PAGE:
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Even As Sales Rise, Small Businesses Still Slow to Hire

Even As Sales Rise, Small Businesses Still Slow to Hire

Despite increasing sales, small business owners are still hesitant or unable to improve hiring practices, a new survey conducted by Sageworks has found. The report, which gathered data from the financial statements of 1,000 private companies, revealed that businesses increased sales by 10 percent in May.

These numbers are roughly equivalent to figures released from April, as well as results from a similar study conducted in May 2012. This consistent progress is a positive sign of sustainable improvements across the business sector, but even as sales numbers improve, hiring has remained stagnant.

Rebounding industries

Among the sales and hiring report figures, there were many positive points. Certain sectors are making important contributions to increased economic improvements, namely an advancement in sales.

The service industry in particular is on the rise. Service companies such as consulting firms, computer design companies, and architecture businesses are thriving. The consulting sector grew by more than 15 percent in May, as did staffing firms. Professional services also grew by around 10 percent, while sales in building and residential companies rose by 9 percent.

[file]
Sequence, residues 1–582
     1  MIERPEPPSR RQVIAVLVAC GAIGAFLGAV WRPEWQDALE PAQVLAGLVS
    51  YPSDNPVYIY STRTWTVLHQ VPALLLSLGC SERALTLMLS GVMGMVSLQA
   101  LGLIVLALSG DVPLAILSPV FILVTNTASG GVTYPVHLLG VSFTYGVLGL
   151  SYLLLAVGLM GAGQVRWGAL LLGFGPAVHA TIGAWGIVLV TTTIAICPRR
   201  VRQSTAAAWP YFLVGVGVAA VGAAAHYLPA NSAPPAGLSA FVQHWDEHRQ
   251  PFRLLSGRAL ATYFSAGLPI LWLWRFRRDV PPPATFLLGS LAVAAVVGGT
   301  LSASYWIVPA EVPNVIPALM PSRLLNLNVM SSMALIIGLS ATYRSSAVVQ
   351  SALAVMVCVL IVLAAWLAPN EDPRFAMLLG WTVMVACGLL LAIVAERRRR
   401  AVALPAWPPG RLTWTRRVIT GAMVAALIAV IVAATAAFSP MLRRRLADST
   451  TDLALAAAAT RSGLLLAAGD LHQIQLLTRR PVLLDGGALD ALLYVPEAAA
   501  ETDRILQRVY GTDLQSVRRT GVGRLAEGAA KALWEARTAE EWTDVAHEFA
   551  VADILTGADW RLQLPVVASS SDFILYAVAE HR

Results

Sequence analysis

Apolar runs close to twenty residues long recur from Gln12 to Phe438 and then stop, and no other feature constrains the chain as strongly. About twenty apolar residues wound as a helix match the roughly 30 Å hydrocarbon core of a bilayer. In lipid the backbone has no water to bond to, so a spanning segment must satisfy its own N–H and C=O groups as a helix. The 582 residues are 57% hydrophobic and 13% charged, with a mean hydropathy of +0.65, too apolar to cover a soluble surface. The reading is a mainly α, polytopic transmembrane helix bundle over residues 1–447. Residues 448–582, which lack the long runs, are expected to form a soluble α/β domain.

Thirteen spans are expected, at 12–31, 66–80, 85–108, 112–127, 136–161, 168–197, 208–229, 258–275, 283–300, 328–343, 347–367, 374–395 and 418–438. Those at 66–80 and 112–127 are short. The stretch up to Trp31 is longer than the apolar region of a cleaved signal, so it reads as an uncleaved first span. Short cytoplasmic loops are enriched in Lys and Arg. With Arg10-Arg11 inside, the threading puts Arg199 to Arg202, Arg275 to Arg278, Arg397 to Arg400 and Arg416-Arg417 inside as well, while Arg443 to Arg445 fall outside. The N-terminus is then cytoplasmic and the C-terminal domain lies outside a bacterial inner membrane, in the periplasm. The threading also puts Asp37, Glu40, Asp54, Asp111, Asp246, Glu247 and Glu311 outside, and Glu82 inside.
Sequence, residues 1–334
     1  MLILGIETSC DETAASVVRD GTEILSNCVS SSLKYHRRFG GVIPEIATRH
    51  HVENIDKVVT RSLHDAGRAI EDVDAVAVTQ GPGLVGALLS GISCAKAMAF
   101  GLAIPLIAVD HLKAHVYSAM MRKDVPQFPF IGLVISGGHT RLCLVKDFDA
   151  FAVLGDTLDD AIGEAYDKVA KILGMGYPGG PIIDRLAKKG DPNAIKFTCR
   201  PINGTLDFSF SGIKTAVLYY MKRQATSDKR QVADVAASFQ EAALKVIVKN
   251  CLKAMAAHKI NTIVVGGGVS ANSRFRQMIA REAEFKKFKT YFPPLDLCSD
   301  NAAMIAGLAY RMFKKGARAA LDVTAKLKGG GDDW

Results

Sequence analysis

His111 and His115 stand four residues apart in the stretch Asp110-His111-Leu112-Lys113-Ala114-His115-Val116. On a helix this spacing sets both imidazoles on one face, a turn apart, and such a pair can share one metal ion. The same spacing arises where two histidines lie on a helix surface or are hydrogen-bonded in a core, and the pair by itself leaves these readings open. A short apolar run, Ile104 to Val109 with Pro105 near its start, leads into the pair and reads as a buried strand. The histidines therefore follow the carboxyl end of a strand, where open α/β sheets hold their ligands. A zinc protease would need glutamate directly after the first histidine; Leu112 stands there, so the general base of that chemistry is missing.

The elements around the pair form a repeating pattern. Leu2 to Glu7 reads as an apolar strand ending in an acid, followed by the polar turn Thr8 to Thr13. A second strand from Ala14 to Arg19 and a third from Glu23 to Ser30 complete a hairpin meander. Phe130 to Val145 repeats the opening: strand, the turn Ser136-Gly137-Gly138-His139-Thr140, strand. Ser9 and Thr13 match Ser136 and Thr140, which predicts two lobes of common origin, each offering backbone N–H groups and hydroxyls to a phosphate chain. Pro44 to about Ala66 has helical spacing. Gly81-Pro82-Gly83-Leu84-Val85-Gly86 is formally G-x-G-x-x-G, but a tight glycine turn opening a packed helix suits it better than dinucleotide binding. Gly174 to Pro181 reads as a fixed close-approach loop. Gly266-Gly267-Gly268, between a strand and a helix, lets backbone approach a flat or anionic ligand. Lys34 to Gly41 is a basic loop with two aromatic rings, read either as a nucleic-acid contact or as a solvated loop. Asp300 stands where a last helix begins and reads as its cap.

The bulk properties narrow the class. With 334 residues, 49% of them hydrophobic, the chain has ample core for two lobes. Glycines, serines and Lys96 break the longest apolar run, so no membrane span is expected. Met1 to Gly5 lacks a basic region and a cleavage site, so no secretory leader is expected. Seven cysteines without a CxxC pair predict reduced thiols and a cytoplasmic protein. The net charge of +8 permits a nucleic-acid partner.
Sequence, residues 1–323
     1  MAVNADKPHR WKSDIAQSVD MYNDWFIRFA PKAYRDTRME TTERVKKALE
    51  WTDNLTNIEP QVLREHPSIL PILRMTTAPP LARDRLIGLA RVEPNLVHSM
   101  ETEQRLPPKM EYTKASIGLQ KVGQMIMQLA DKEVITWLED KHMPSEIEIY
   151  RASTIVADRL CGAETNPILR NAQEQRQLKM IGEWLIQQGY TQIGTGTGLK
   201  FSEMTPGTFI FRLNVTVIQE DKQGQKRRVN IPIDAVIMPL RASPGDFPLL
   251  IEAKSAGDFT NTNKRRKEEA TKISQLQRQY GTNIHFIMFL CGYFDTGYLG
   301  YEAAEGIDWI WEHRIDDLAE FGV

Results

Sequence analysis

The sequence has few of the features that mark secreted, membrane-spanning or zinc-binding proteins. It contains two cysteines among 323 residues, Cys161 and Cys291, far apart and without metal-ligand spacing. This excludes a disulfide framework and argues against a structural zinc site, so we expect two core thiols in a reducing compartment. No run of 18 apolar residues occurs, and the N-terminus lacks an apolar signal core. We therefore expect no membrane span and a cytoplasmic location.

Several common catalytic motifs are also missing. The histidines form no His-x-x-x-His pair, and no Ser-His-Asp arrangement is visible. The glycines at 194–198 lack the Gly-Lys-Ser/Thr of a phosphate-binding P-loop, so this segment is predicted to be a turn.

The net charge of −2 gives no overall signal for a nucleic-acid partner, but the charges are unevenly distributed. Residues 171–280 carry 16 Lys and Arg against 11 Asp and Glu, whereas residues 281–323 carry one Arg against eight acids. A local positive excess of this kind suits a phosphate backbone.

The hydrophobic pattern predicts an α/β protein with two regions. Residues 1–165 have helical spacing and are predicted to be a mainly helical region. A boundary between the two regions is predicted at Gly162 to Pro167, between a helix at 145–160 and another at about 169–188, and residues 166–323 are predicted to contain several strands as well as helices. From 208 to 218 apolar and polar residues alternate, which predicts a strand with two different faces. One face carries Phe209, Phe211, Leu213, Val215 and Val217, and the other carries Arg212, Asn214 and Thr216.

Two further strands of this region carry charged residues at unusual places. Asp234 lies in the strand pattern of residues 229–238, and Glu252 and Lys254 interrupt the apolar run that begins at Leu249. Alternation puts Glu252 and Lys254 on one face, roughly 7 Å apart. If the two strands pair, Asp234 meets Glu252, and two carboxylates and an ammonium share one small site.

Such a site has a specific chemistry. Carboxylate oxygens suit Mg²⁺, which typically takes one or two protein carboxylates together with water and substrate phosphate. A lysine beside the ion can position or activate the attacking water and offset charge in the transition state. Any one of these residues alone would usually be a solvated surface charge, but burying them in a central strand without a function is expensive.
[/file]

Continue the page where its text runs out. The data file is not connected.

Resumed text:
One potential reason for these improvements may be that, when individuals were laid off, they became entrepreneurs and began their own companies. Many hope that these gains will lead to more consistently positive hiring through the sector, as potential workers may find it easier to break into these growing fields.

Conservative hiring practices

Both large and small companies are hesitant to take on more employees, the same study found. New hiring at businesses has remained flat, and unemployment rates across the country moved upward from 7.5 percent in April to 7.6 percent in May.

This is due in large part to the fact that, during the recession, companies learned to make do with fewer workers as layoffs spread across the nation. Owners and company managers were forced to operate under tough conditions, and have now grown used to these circumstances, as have employees.

During the past several years, staff members have become accustomed to taking on excess work. In addition, particularly in the early years of the recession, workers and owners alike adopted new technologies to cut costs and stay relevant.

Small businesses that need some advice on growing their companies or hiring new employees can turn to National Funding for extra help. National Funding can provide assistance with information on everything from small business credit card processing to equipment financing.


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